(Picture Credit: Bill Ferriter)
One of the most challenging and enjoyable elements of my work is being commissioned to provide Critical Friend reviews. In the increasingly crowded social space it is even more important that organisations have a digital strategy which connects, speaks and listens to often diverse audiences. Every organisation needs to show how their engagement strategies are generating tangible results and impact through digital leadership and culture. Over the last few years we have been carrying out an increasing number of critical friend reviews for public, private and not for profit organisations.
A critical friend review is an external and uniquely independent opinion of an organisation’s positioning, strategy or initiatives. It comes from a perspective that is sympathetic to what the organisation is trying to achieve and reflects the context whilst identifying opportunities, likely challenges and pitfalls.
A Critical Friend review addresses these fundamental questions:
- How is your organisation positioned now?
- Where do you want to be?
- How are you going to get there?
- How are you showing that your work makes a difference and has an impact?
In answering these questions, the emphasis is on being honest and ‘telling it how it is’. We recognise that this can be difficult but to be effective a critical friend review must be unafraid to comment on where the chosen approach is unlikely to deliver the desired results and to suggest different approaches.
Why is this valuable now?
The simple reason is that we are in a challenging economic and political climate with rapidly changing expectations of how services will be delivered. Consequently, organisations must develop new and unprecedented ways of working. As senior managers frequently tell me “Our approach to digital transformation needs to be different from anything we have done before”. With fewer resources available, and with more riding on outcomes than ever before, organisations cannot afford to make mistakes in the way they respond to these challenges. A critical friend review helps organisation prepare for navigating uncharted territory through market intelligence which has been gained over many years of working across the social sector.
I believe it is crucial for proposed approaches to be subjected to independent scrutiny. The feedback will not inevitably be negative: it will identify what is being done well and can highlight strengths and opportunities that may have been missed. A great deal of our work consists in recommending organisations, initiatives and resources which our clients may be unaware of – but which could greatly assist in the achievement of their objectives.
Successive governments have recognised the importance of critical friending for the public sector. We draw on the ‘Critical Friend Framework’ published in 2004 which identifies three dimensions of critical friending: ‘inputs’ (looking at the skills and experience involved in a project), process and structure (considering the way in which projects are organised) and outcomes (evaluating what the organisation is aiming to achieve and prospects of success).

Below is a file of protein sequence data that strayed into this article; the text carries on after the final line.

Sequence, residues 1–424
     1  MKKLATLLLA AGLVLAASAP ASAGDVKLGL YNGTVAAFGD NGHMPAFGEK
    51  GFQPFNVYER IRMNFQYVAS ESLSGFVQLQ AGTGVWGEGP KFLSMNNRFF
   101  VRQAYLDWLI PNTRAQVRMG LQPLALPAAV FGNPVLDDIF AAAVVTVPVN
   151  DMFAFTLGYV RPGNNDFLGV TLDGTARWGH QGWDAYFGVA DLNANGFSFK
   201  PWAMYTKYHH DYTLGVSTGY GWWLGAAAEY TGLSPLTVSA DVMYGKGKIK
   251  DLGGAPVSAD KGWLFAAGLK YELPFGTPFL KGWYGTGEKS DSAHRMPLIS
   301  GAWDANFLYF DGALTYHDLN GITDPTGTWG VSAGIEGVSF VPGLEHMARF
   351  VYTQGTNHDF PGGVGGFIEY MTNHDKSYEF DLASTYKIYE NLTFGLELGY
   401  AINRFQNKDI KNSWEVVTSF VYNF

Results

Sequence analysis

In acting as a critical friend, we are able to draw upon many years of working with adult and children’s services, health, housing, social enterprises, entrepreneurs, academics and charities. Our knowledge and expertise encompasses policy, research, marketing, communications and digital technology. This ‘width and depth’ – together with an ability to look at a situation from a range of different perspectives – is really an essential requirement of a critical friend. There is little value in being told what you already know!
What this means in practice is illustrated by a comment from one of our clients Barnwood Trust,
“Embarking on a new website and a whole new approach to the way we were working, and on top of that a new brand for it all, was a big and sometimes daunting job. We spent a long time researching, planning and testing each of our ideas and concepts, making sure that we were developing something that people wanted and felt would be useful to them. It was during this process that we came across Shirley and her work as a critical friend.
“Shirley took on the role of critical friend for our new brand and website, You’re Welcome and provided us with a completely different and invaluable perspective. Not only did Shirley provide a thought provoking report from which we have been able to develop and also strengthen our ideas but she also provided support throughout the review on the phone. It was extremely useful to talk our work through with someone with as much knowledge and experience as Shirley. To have a report at the end of it really helped with the work and how we developed it. Shirley was an absolute pleasure to work with and we will definitely be looking to draw from her skills and experience again in the future.”
Transformational change across the health, care and housing and social sectors now requires digital leadership, market intelligence and approaches which acknowledge the value of radical thinking.
Expectations of more openness, transparency and accountability in publicly funded services along with the immediacy of social media in highlighting disconnects between the rhetoric and reality of how organisations present themselves makes the role of a independent critical friend even more important.
I am often asked to comment on projects, websites, digital products and services but the response often needs more than a tweet (or two!). I am happy to discuss how a critical friend review could help your organisation. Please feel free to contact me. Shirley.Ayres@btinternet.com @shirleyayres
Shirley is co-founder of the Connected Care Network which supports digital transformation and engagement using technology & social media for social good.
Source: Social Care and Social Media